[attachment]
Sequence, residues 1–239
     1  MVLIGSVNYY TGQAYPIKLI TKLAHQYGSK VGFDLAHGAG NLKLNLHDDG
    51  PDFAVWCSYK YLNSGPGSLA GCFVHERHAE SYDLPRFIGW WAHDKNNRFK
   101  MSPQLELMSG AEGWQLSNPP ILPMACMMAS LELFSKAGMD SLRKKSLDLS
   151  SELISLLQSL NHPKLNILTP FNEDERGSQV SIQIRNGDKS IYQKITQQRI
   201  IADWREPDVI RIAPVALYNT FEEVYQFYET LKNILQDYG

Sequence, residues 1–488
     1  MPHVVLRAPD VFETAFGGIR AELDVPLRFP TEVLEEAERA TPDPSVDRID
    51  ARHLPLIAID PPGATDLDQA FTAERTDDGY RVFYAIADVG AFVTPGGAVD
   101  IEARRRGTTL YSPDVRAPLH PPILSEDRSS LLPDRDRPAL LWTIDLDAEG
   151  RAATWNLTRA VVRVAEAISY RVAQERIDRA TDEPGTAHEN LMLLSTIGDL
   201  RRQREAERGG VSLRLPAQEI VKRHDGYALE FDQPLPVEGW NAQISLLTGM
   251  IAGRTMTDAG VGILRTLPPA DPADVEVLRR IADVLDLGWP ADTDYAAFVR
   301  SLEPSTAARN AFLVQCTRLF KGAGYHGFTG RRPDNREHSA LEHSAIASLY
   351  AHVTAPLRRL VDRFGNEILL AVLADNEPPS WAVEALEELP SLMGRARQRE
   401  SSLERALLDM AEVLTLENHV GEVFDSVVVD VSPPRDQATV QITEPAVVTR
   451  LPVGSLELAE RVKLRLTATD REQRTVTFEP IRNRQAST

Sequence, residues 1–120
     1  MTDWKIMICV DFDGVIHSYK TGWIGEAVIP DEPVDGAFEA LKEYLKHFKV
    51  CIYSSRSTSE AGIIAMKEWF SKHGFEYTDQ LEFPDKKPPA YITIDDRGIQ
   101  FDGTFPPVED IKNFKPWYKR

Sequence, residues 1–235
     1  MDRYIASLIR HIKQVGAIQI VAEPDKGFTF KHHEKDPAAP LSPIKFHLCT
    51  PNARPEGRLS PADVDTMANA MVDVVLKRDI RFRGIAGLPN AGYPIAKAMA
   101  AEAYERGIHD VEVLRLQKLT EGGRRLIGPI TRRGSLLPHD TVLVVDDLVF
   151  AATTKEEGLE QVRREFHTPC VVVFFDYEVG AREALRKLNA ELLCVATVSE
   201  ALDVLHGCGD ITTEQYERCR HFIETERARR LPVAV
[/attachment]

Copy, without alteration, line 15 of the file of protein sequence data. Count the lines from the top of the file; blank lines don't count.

   351  AHVTAPLRRL VDRFGNEILL AVLADNEPPS WAVEALEELP SLMGRARQRE